tips on filing a noise complaint

Noise is a serious environmental and health hazard. Exposure to loud noise is one of the leading causes of hearing loss in the 38 million people with impaired hearing in the United States. Studies also correlate noise with a range of health problems including changes in sleep, digestion and blood pressure. Noise is also a leading quality of life complaint in many communities across the country. For example, in Los Angeles, the impact of the noise from leaf blowers has received national attention. And, noise was the leading complaint in New York City’s Quality of Life Hot-Line with close to 70% of the calls related to noise.

The Noise Center receives complaints about noise from individuals and communities from around the world. Sources of noise which bother people include (but are not limited to):

  • aircraft
  • loud neighbors
  • traffic
  • leaf blowers and other lawn equipment
  • loud music, “boom cars”
  • sirens, car alarms, horn honking, and
  • barking dogs and other animals, jet skis, snowmobiles.

go to the source

When possible, resolve the noise problem amicably. Discuss the situation with the noise maker, providing literature on the impacts of noise to support your claim. Find others nearby who may share your concerns. This will make your case stronger.

Some examples of dangerously loud recreational activities

  • Noise levels at video arcades can be as high as 110 dBA.
  • Firecrackers create sound levels from 125 – 155 dBA at an average distance of 10 feet.
  • Sound levels at live music concerts can be measured at 120 dBA and beyond.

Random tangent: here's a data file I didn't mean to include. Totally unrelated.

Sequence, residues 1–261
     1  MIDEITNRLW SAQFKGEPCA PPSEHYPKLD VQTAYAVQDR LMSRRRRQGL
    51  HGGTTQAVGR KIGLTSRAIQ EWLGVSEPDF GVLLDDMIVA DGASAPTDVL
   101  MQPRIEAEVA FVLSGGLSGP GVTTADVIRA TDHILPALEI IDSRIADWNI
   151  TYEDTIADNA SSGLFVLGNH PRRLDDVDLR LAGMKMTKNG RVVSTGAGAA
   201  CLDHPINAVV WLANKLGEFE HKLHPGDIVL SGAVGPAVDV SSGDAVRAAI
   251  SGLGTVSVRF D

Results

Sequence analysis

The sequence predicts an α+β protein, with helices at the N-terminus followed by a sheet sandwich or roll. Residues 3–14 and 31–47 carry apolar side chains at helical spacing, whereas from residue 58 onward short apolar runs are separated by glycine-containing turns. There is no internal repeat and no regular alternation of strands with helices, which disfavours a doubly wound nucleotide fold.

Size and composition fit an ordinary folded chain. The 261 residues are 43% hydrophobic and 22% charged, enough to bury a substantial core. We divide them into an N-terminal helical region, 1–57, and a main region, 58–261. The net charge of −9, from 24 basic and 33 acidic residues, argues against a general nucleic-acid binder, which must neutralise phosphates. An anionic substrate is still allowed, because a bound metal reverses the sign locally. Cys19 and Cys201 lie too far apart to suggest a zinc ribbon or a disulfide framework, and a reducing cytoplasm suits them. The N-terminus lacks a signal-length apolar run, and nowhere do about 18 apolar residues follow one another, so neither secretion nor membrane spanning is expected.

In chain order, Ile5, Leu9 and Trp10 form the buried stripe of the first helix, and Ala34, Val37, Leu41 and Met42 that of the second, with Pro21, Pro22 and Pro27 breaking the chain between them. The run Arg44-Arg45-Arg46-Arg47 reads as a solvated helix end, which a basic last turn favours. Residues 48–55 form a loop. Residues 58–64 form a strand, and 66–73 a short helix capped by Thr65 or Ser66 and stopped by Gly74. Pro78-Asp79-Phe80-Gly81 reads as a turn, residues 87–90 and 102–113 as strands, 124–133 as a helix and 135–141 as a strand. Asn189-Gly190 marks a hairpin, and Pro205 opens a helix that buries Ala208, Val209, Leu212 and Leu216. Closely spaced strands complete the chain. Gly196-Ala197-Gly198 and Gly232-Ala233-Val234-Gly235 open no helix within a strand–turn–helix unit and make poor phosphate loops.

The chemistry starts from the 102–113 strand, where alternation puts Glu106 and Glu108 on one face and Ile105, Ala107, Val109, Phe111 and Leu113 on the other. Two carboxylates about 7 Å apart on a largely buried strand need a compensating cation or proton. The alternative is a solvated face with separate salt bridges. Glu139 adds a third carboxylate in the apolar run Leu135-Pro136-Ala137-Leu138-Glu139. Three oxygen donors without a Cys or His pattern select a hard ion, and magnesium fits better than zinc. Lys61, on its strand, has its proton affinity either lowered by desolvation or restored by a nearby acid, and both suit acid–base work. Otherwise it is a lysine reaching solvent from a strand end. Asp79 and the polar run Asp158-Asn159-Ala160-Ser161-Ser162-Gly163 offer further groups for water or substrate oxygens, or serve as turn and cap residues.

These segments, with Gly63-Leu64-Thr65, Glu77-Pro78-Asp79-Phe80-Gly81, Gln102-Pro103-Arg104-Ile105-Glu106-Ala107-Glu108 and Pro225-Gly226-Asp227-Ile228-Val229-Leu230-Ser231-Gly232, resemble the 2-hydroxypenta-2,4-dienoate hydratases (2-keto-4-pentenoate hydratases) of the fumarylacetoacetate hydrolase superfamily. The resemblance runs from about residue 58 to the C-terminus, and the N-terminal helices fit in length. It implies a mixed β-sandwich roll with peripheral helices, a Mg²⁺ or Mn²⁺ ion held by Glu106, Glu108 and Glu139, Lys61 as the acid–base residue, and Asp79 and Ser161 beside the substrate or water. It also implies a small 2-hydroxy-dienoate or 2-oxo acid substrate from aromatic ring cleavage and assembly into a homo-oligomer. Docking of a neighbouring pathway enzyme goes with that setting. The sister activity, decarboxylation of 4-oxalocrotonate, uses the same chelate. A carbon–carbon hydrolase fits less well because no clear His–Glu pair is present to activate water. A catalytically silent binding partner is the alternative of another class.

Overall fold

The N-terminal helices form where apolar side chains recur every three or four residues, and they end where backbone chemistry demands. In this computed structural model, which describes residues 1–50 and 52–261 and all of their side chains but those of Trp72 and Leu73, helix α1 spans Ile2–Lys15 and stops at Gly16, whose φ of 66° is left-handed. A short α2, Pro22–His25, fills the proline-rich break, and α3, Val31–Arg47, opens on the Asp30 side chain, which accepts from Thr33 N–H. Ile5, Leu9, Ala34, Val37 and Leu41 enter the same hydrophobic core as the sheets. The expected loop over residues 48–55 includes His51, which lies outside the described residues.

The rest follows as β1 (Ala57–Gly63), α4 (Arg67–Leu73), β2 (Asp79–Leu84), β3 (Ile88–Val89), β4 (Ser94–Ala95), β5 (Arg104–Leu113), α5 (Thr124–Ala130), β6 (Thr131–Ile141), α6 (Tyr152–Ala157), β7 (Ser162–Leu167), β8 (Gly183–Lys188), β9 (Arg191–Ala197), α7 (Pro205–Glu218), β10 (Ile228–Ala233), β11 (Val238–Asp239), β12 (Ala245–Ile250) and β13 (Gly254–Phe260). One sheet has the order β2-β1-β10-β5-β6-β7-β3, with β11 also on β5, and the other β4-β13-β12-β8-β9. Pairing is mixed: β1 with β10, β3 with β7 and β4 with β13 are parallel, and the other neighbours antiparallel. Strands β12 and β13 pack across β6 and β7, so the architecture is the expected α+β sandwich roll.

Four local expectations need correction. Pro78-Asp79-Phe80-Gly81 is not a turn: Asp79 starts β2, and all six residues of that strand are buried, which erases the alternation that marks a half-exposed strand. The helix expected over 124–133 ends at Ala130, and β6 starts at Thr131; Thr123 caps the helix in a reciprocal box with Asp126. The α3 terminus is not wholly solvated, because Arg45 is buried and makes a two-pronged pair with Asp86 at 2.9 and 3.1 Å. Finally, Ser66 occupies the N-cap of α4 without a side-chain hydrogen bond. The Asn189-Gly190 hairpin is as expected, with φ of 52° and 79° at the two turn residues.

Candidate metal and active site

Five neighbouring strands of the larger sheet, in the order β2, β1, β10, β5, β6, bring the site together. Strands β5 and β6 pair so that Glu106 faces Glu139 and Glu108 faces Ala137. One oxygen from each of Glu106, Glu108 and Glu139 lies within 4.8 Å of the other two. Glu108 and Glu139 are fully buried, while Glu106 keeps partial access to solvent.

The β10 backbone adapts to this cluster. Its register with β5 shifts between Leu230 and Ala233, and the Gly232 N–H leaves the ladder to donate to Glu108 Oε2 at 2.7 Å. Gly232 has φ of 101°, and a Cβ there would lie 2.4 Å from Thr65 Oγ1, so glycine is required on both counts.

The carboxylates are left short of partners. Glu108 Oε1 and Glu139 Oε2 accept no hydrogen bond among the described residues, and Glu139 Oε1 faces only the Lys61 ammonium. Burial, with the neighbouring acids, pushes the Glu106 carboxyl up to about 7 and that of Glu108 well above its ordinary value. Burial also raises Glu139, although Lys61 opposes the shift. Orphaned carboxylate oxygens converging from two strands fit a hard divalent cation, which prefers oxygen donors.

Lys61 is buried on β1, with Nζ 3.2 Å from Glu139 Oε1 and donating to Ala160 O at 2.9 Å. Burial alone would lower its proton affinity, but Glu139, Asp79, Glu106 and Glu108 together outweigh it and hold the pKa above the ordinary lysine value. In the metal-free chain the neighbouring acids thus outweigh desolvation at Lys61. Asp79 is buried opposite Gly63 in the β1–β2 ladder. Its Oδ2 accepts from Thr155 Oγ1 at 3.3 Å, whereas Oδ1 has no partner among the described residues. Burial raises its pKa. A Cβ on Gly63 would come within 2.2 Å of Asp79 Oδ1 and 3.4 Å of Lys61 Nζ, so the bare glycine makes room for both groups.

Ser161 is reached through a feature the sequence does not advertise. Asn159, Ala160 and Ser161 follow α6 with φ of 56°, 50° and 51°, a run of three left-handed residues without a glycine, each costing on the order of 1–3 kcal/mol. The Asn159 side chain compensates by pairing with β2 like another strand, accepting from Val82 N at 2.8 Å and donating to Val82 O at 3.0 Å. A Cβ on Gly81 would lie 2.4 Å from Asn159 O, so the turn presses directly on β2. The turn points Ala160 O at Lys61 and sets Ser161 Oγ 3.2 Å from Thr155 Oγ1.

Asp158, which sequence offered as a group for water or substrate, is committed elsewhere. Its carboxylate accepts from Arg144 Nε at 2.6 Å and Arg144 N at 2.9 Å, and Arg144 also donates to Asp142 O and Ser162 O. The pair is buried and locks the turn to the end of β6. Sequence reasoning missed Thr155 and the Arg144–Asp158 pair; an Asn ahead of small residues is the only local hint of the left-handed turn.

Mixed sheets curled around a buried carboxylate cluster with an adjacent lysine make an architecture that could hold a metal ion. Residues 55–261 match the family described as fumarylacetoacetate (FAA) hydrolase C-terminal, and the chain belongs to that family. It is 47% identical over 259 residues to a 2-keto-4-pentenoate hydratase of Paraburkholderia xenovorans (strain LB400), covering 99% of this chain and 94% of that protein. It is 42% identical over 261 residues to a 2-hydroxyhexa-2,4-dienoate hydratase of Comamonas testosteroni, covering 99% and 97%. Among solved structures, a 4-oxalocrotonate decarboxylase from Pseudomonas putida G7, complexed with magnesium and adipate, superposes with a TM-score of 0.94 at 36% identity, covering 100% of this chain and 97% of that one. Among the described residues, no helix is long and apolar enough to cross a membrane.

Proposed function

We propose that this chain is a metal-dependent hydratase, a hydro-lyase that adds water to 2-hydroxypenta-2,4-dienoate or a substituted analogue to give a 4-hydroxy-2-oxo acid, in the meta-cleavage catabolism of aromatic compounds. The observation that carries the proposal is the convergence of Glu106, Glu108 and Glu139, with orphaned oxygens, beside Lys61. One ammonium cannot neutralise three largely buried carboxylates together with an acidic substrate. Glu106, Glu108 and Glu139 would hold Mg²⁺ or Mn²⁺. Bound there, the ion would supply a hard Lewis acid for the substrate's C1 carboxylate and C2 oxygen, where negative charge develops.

• The noise level of gunshots can be measured at 150 dBA -167 dBA and hearing loss can result from just a few shots of a high powered gun, if appropriate hearing protection is not worn.
  • Noise levels at movie theaters have been measured up to 118 dBA.
  • Sound levels in health clubs and aerobic studios can be as high as 120 dBA.
  • Personal stereo systems with headphones produce sounds as loud as 105 – 120 dBA if turned up to maximum levels.
  • Sound levels at a sporting event can be measured up to 127 dBA.
  • Motorboats emit sound levels ranging from 85 – 115 dBA.
  • Motorcycles have been measured at levels ranging from 95 – 120 dBA.
  • Noise levels of snowmobiles are as high as 99 dBA.
  • Many children’s toys emit sounds which are measured at 135 dBA -150 dBA.

what to do

Recognize that loud recreational activities not only pose a risk to hearing, but also can impact on your neighbor’s right to peace and quiet. Whenever possible, turn down the volume or ask the offender to do so. Limit exposure time to noisy activities and wear adequate hearing protection even if you think you are having fun. A rule of thumb: If you have to shout in order to be heard three feet away, then the noise is probably too loud and could be damaging to your hearing. In these instances, use hearing protection. 

documents the problem

Include the noise source, time, date and duration of the problem. It may also be helpful to have a sound level meter to measure the decibel level of the noise. Remember, though, that accurate readings which will “hold up in court” require sensitive equipment with a person specifically trained in noise measurement).

try meditations

If, after presenting your noise problem, you are not satisfied, consider mediation.

Contact authorities

Contact your local Police Department, Department of Environmental Protection, City Council, Mayor’s Office. Analyze your local community noise code to determine if a violation has occurred. Present ideas for revisions in the noise code if needed.

organize your own anti-noise group

In some cases, you will get best results if you create your own anti-noise organization. As a group, you may have more power in resolving the noise problem.

Remember, pay attention to the noise you make. Respect another person’s right to peace and quiet and turn down the volume in your own activities.